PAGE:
You See Convenience. We See A Problem.

The purpose of this campaign is to educate retail management about Richland County content-neutral advertising laws, which limits the amount of window space available for marketing and promoting a product. Through formal and informal assessments of retail establishments, advertisement in the identified jurisdiction has been primarily associated with tobacco and alcohol products.

Campaign Goals

  Increase retail management and staff knowledge of local laws relating to content-neutral advertising.

  Reduce overexposure of tobacco product advertisements by consumers.

  Create community norms that support content-neutral advertisement of tobacco products in retail establishments.

Did You Know?

Advertisements for tobacco cannot be larger than 14 square feet. Legal settlements prohibit posting advertisements of a certain size for cigarette or smokeless tobacco products sold by primary tobacco companies. This also holds true for single “mosaic” advertisements, which cannot be larger than 14 square feet. However, many convenience stores have windows or walls covered by smaller ads placed side-by-side.

Tobacco advertising at the point of sale takes a variety of forms, including:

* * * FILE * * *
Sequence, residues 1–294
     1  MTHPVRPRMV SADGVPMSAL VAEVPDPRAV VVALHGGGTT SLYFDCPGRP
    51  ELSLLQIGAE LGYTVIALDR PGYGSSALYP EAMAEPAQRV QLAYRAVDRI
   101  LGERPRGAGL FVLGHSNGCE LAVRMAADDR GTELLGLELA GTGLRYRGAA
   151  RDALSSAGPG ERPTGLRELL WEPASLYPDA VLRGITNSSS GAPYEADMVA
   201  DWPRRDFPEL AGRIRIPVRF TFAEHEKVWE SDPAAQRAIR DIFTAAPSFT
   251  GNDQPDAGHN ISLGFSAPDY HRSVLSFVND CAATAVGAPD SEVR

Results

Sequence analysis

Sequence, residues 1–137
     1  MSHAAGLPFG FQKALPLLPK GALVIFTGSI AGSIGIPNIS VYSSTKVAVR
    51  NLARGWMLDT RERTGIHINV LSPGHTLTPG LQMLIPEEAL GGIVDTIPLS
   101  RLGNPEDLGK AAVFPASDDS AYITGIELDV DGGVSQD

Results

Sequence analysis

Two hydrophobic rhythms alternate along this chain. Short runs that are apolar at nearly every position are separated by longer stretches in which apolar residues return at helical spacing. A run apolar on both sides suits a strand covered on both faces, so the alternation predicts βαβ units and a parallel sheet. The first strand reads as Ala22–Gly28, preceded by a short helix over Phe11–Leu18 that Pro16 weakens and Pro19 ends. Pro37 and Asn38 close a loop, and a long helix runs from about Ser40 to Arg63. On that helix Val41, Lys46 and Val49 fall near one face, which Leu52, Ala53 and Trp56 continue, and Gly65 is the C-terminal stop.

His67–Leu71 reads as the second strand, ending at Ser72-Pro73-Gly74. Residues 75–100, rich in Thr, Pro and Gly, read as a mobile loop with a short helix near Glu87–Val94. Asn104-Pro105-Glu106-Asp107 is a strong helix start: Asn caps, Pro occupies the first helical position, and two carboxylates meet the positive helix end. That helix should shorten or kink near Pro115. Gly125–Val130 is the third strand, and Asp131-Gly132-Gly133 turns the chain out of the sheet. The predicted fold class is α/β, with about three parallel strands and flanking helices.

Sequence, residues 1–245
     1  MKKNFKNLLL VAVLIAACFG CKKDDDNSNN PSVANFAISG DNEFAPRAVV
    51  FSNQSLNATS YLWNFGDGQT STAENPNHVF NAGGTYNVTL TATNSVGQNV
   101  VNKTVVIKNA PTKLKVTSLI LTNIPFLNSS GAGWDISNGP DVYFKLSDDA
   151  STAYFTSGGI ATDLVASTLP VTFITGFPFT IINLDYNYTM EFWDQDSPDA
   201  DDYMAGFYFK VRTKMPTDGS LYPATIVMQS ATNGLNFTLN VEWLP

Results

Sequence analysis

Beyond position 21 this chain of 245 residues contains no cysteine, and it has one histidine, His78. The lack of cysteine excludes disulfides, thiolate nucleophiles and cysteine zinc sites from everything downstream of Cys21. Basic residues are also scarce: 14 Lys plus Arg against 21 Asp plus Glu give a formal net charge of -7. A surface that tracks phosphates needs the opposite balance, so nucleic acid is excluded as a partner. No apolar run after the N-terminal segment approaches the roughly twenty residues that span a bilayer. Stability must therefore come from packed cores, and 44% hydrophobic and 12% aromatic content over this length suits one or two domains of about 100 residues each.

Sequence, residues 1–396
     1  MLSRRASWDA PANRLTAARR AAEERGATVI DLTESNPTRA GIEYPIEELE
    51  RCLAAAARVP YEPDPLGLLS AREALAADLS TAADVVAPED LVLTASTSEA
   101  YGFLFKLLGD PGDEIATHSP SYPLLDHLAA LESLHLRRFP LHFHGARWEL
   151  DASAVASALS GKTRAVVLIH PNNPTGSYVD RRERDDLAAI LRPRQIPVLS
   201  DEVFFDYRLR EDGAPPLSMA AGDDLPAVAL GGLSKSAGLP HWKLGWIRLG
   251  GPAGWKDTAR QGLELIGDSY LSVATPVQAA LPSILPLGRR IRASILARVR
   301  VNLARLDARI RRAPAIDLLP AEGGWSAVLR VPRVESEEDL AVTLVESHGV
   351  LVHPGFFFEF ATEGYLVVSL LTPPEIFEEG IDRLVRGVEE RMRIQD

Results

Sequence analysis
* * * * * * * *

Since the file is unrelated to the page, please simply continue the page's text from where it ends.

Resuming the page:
• exterior and interior
  • permanent and temporary
  • affixed (e.g. neon signs; signs attached to a building by nails, screws or brackets; and signs attached to poles cemented into the ground)
  • not affixed (e.g. portable signs, free-standing signs, and sandwich boards); and
  • non-functional (e.g. sandwich boards outside stores and advertising on windows)

Don’t Discount Our Health.

Exposure to tobacco-saturated advertisement has been demonstrated to influence purchase and early initiation of consumption. Consequently, this is why the tobacco industry spends $9.5 billion a year to market and promote its products in the United States. Of this amount, $9.1 billion (96%) is spent on point of sale (POS) efforts. POS refers to marketing practices that are intentionally designed to increase the likelihood of consumer purchase by reminding consumers of brands when they are ready to buy. Because POS is an important marketing channel for tobacco companies, with very few restrictions, consumers, including children, are unavoidably exposed to pro-smoking messages when they shop.

Resources.

Federal Rules for Tobacco Retailers

U.S. Food & Drug Administration (FDA). Summary of Federal Rules for Tobacco Retailers. Available at https://www.fda.gov/tobaccoproducts/guidancecomplianceregulatoryinformation/retail/ucm205021.htm

Assurances of Voluntary Compliance Webinar

Tips for Retailers: Preventing Sales to Minors